Choose one of these learning objectives to teach explicitly in your 100- or 200-level class. While you might choose any of them, the most suitable choice would be an objective closely tied to the material you teach or the skills you most frequently ask students to use in your class (or one dear to your heart). So, for instance, if you have students read many primary sources in your class, you might want to teach students to apply the questions historians ask to extract information from a primary source (2c).
Teaching explicitly involves the following steps:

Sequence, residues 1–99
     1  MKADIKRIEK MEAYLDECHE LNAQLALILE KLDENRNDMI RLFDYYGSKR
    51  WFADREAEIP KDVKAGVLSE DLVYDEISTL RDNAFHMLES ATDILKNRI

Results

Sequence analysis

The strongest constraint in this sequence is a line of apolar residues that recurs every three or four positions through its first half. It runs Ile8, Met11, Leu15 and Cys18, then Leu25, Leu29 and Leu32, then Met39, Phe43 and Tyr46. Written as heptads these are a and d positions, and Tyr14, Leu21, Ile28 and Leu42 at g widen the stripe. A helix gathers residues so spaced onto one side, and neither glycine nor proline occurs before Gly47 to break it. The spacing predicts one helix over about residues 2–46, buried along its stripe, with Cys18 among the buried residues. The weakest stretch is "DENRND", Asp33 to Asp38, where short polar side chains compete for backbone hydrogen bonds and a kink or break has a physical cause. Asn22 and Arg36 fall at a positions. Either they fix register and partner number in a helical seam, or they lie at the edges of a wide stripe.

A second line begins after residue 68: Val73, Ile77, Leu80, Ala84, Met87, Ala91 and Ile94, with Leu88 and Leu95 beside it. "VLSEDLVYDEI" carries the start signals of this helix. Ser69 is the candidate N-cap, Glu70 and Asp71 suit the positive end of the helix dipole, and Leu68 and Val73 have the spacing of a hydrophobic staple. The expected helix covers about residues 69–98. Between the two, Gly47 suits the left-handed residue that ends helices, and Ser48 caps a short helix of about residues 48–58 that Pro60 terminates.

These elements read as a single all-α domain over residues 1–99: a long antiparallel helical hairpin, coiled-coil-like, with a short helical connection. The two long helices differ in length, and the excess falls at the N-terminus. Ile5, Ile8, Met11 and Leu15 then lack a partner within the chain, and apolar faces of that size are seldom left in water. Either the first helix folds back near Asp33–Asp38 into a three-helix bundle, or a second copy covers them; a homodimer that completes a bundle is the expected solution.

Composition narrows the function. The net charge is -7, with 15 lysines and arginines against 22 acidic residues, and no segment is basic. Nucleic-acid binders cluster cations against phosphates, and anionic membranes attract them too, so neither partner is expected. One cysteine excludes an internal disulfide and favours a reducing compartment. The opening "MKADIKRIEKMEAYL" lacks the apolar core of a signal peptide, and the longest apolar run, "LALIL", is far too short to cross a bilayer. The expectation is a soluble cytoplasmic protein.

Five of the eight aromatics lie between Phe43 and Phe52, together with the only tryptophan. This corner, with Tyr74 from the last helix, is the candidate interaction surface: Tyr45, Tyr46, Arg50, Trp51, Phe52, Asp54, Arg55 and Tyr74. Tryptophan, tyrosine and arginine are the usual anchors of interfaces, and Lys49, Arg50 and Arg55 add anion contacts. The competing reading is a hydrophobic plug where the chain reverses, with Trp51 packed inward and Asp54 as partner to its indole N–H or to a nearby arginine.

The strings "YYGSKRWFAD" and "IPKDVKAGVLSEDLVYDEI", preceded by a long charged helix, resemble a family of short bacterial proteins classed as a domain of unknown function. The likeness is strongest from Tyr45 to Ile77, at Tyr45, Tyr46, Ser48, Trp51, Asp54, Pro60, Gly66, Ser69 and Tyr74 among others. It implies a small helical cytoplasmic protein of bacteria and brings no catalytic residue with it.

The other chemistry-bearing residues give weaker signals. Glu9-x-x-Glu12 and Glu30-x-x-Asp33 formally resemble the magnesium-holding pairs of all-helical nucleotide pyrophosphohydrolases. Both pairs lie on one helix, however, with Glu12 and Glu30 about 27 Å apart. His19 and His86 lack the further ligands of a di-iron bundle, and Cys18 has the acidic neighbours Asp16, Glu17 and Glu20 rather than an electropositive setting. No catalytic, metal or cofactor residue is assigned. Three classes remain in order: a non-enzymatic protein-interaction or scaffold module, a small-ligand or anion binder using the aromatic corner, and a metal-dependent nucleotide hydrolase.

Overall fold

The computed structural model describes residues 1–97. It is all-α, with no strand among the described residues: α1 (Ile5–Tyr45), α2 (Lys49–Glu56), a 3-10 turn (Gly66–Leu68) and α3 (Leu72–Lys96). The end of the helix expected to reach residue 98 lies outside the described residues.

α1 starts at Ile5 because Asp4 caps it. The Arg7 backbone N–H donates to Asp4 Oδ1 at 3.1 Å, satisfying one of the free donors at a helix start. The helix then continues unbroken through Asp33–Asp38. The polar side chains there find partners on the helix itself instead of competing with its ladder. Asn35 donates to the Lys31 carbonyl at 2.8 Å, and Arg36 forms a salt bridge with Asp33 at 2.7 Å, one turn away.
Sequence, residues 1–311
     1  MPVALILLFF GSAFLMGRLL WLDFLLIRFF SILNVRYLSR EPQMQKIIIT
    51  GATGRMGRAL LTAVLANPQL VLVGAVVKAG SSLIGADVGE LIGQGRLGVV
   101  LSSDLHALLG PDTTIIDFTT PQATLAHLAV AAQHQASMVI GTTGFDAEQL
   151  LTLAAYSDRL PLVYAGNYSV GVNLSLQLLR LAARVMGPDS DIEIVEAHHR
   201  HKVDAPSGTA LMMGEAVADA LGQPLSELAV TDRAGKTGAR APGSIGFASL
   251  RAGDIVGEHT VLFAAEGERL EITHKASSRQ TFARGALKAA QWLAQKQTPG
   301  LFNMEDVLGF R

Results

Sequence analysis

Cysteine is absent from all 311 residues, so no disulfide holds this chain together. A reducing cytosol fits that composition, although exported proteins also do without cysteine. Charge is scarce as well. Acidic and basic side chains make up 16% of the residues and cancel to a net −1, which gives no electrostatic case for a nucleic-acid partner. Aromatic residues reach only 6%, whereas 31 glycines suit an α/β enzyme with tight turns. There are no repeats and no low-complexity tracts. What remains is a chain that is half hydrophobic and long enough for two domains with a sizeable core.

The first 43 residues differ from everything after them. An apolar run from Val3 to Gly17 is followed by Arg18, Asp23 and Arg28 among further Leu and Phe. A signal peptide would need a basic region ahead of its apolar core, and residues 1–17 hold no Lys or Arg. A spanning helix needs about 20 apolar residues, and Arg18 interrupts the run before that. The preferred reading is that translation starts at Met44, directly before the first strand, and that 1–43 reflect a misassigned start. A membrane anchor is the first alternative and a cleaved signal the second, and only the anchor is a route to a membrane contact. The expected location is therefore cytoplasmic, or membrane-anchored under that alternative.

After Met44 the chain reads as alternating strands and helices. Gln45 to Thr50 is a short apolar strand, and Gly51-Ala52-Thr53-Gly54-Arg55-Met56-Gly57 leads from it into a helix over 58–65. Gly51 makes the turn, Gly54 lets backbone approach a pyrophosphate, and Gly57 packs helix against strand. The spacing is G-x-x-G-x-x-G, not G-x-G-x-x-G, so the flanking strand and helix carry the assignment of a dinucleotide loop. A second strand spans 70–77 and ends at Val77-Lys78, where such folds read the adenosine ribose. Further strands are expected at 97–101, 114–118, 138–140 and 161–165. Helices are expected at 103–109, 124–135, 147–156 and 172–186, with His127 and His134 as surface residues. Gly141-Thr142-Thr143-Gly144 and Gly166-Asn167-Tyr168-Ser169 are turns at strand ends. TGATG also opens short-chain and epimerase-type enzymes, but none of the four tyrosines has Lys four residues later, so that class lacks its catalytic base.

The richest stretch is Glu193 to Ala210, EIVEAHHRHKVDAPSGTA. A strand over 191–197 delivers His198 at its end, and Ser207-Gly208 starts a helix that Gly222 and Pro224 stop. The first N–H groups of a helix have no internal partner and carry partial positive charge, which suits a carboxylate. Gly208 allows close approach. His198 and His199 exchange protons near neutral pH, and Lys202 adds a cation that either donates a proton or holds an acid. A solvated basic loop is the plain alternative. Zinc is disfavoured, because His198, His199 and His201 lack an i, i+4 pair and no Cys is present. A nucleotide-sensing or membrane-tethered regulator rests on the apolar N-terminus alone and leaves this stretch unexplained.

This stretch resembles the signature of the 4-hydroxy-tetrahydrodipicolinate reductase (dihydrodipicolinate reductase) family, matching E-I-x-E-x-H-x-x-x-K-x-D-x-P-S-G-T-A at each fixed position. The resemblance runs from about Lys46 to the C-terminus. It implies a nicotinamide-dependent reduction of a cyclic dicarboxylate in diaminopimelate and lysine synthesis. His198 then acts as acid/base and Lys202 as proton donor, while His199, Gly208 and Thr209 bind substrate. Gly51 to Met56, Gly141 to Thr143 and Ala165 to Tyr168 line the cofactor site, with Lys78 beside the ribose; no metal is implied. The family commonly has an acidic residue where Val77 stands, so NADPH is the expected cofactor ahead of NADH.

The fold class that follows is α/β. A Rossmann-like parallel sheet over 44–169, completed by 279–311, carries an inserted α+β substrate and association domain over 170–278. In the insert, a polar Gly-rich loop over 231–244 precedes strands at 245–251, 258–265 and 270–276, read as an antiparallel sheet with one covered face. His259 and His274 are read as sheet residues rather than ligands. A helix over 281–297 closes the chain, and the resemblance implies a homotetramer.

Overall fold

- Explicitly discussing in class the skill you want students to learn.
- Modeling the skill for the students (perhaps by performing the skill for them or walking them through the skill).
- Giving the students an opportunity to practice the skill.
- Assessing the degree to which the students have met the learning objectives.
Choosing to teach one skill explicitly, however, does not mean that this is all you should ask your students to do. David Perkins (Making Learning Whole: How Seven Principles of Teaching Can Transform Education) argues that just as one wouldn't have a little league team only practice shagging flies and never play a game, students need to play the whole game. For us the skills drills simply focus on helping students to deploy one of the epistemic rules of our game more consciously and effectively. We'll all continue to ask them to do things we aren't teaching explicitly.